Today we look at the Luxury & Precision L&P P6 R2R DAP, selling for $2,999 USD. I’m sorry for the commercial video showing below, I asked the agency to remove it asap.
Disclaimer: The Luxury & Precision P6 was sent to us free of charge in exchange for this review. Headfonia is not related to Luxury & Precision in any other way.
Luxury & Precision
It’s not the first time we feature the Chinese Luxury & Precision on Headfonia.com and we have looked at their L3, L3PRO and L5PRO, L6 and LP6 before. L&P still after all these reviews is a bit of a mystery company on this side of the world and their Chinese only website doesn’t really help in that regard. Luxury & Precision isn’t as famous as Enrico Pallazzo, but the US based Musicteck is really making it easier for everyone to look at and understand the L&P products.
The general idea about Luxury & Precision DAPs is that they look and feel luxurious, sound extremely good but that they are very basic in features and usability. Music first has been the L&P philosophy so far and on one hand that’s really good as they do sound exceptional, but on the other hand, it’s 2020 and DAPs should have basic functionalities.
Let’s find out what the P6 has to offer.
The L&P P6 isn’t featured on Luxury & Precision’s own website but you can find it Musicteck’s website here: https://shop.musicteck.com/products/luxury-and-precision-p6?variant=32150519382078
If you’ve read any of our L&P DAP reviews before or if you’ve been following Luxury & Precision then you know their audio players have a proprietary operating system. They have developed their own OS in order to get the best possible sound. According to L&P, non-Android operating systems have lower EMI and lower noise than Android operating systems. So that means you with L&P get great sound, but you won’t get that UI you’re used to. This still goes for the P6 player as well, but more on it later.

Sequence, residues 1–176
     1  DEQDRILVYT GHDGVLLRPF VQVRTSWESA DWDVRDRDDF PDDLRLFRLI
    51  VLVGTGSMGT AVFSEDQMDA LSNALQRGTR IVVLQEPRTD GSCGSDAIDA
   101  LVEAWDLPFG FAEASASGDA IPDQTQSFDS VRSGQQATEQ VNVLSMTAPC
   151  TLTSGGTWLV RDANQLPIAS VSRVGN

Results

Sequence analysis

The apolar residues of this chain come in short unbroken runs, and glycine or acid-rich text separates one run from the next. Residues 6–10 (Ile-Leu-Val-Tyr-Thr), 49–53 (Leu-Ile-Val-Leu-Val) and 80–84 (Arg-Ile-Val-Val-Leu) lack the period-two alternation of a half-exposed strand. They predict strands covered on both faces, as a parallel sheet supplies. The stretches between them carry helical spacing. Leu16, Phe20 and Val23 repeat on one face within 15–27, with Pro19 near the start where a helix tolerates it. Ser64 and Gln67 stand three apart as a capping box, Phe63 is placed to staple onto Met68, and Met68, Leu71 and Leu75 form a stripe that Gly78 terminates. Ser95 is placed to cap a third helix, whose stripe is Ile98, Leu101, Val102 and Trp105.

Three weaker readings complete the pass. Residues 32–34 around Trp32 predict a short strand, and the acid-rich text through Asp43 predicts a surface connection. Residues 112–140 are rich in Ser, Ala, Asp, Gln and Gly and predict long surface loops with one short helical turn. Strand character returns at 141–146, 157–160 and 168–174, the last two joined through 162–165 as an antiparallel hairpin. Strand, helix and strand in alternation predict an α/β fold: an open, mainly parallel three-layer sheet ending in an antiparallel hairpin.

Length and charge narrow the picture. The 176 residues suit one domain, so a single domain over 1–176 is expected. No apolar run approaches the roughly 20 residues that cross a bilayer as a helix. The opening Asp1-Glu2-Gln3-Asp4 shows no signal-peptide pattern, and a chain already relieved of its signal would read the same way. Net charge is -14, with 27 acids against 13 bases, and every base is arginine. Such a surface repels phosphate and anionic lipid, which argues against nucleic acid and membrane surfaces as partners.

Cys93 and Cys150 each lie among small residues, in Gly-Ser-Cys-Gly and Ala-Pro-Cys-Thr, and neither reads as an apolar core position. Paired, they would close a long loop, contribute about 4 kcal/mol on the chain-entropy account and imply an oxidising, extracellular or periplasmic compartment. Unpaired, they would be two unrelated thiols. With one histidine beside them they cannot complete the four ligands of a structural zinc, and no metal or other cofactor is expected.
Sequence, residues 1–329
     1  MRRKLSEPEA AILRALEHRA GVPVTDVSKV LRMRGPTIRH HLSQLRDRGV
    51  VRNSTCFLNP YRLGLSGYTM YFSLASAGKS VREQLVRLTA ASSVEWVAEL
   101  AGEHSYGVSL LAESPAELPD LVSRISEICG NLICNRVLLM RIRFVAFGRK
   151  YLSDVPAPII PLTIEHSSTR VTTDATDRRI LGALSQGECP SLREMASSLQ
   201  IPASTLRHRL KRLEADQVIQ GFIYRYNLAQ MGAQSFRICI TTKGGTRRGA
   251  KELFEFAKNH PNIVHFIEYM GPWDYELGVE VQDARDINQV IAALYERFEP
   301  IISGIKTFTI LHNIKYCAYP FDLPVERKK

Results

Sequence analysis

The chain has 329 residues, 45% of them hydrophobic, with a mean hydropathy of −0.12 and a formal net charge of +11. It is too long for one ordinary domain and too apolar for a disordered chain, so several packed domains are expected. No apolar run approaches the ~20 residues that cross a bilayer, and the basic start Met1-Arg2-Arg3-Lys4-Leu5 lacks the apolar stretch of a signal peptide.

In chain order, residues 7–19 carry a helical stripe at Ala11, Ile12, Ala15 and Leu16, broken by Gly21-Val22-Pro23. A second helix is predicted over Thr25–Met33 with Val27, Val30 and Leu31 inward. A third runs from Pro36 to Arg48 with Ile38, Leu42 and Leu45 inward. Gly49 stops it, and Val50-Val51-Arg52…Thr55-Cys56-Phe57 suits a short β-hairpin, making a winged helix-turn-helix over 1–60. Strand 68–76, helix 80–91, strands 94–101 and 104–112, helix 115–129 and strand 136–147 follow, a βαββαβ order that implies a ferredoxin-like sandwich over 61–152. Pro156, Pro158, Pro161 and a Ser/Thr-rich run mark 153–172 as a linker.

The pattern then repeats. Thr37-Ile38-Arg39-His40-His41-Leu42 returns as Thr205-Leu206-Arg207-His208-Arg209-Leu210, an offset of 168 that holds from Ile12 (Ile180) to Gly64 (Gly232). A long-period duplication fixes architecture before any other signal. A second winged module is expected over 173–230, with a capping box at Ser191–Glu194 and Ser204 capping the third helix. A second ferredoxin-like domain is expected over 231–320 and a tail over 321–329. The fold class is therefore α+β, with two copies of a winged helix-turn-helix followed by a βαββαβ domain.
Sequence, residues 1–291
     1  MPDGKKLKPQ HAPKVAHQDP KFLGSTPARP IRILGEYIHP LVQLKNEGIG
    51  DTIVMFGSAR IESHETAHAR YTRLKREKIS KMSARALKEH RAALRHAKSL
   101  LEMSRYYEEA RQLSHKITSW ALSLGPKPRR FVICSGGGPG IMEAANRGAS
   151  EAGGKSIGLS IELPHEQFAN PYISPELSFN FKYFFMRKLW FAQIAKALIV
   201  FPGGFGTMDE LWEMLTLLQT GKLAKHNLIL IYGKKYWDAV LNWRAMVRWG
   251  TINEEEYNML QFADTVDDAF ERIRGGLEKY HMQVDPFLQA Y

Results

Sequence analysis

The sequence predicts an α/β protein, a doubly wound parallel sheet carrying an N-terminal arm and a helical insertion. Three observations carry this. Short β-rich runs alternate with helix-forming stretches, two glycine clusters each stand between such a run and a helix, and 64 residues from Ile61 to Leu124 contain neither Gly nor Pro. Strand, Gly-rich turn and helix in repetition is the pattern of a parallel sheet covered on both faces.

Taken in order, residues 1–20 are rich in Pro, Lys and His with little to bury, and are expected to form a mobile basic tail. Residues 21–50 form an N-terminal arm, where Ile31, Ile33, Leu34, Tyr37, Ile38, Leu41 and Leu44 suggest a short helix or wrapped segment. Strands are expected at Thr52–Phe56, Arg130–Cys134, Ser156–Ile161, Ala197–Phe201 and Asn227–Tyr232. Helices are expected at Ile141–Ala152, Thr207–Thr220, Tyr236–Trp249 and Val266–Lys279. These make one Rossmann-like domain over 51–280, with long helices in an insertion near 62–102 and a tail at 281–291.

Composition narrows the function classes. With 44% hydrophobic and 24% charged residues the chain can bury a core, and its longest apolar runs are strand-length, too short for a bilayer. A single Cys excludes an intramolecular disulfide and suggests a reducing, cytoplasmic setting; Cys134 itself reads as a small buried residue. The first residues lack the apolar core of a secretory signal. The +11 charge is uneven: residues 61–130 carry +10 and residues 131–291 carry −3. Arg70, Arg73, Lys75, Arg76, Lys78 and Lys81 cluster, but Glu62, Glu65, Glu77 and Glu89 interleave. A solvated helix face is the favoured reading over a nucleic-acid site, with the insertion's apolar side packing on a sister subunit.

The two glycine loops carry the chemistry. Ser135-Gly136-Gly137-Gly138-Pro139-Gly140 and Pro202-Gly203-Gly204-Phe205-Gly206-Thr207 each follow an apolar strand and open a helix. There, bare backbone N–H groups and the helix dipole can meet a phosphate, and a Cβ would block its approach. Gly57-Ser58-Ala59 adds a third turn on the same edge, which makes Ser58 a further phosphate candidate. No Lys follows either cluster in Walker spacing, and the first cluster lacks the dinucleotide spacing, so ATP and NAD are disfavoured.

So what’s so special about then P6 then? Like the LP6 DAP, the P6 features an R2R DAC system (though the implementation is different from), and it in this case according to L&P that means it’s the equivalent of 8 PCM1704K chips. R2R devices aren’t best or easiest to measure, but when you listen to them (see the LP6 review), you will find they are extremely quiet in regards to noise. As we’re used to from L&P, the P6 has very low distortion and an ultra-high dynamic range. Please check out the elaborate info on the R2R implementation online if you want to learn more about it.
The biggest down-side? No swiping compared to the previous model, and a file limit of 10K tracks. More on that later.
The L&P LP6 player was built to drive full-sized headphones but this P6 version is more of an all-rounder as we know most of the DAPs to be. Usually we’re always one of the first to cover L&P gear but this time we’re a bit behind. The advantage of being late(r) with this review is that all its technical features have already been published and discussed online. You can always check the full specs and features on the last page of this article.
Price & Accessories
The L&P P6 DAP doesn’t come cheap and you will have to find $2,999 USD in order to buy one. It’s cheaper than the LP6(ti) flagship DAPs from L&P, but it’s still a very high end price.
The L&P P6 comes delivered in a very simple box but it has a beautiful wooden box on the inside, for the price it’s the least you can expect, though you’re especially paying for the technology inside the DAP. Inside the box you will find a simple USB to USB-C Cable, a P6 manual and a cleaning cloth. That’s very basic. It does seem that others received screen protectors (some were applied already) and some even got a soft carrying pouch with their units, but they weren’t included in my box. No idea why, but it does make sense at this price level. I hope you will get all of it when you buy the unit.
The yellow leather P6 case came with the same shipment but I’m not sure it’s part of the regular package (it is when ordering from MT). I have always stated that the L&P cases were the best because of the precise fit, choice of leather and their soft feel. But like with the LP6, this case uses a slightly different material. It’s thicker, built from a different kind of leather, and it’s bright yellow. I think it looks stunning and it’s fully recommended.
Design & Lay-out